In this article, I argue that the public speaking introductory course should follow a pedagogy of preparation. A pedagogy of preparation develops within students a toolkit that has become increasingly necessary for them to become active, compassionate citizens, and to understand what social pressures impact that perception, through the moral and ethical framework of critical communication pedagogy (CCP). To make this case, I propose a theory which structures and legitimizes many existing introductory course practices and, in so doing, articulate a clear narrative of the introductory course’s relevance to students, faculty, and the university. I also outline three goals of a preparative pedagogy and explain how these goals are met in public speaking introductory courses through a critical reading of prevailing theoretical and philosophical perspectives.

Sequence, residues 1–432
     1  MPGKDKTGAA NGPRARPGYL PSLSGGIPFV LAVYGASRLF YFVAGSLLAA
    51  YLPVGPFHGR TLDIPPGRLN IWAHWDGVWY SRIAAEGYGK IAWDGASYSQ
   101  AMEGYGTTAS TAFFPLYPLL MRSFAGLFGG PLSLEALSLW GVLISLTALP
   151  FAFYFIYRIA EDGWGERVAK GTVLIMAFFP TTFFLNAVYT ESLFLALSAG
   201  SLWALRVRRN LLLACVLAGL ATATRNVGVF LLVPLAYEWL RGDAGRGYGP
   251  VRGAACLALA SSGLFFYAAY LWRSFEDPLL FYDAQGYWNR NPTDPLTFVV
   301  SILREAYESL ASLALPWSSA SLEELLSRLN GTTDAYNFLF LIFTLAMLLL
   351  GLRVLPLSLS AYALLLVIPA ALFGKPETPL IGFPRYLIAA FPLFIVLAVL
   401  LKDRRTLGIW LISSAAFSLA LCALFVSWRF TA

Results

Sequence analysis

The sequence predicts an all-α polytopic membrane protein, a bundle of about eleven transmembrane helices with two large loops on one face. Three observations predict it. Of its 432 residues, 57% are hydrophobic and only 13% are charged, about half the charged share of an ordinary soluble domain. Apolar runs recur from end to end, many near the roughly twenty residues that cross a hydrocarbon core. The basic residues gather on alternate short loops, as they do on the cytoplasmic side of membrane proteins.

Chick, Daniel M.
"Critical Pedagogy of Preparation: Structuring Best Practices for Introductory Course Relevance,"
Basic Communication Course Annual: Vol. 33, Article 5.
Available at: https://ecommons.udayton.edu/bcca/vol33/iss1/5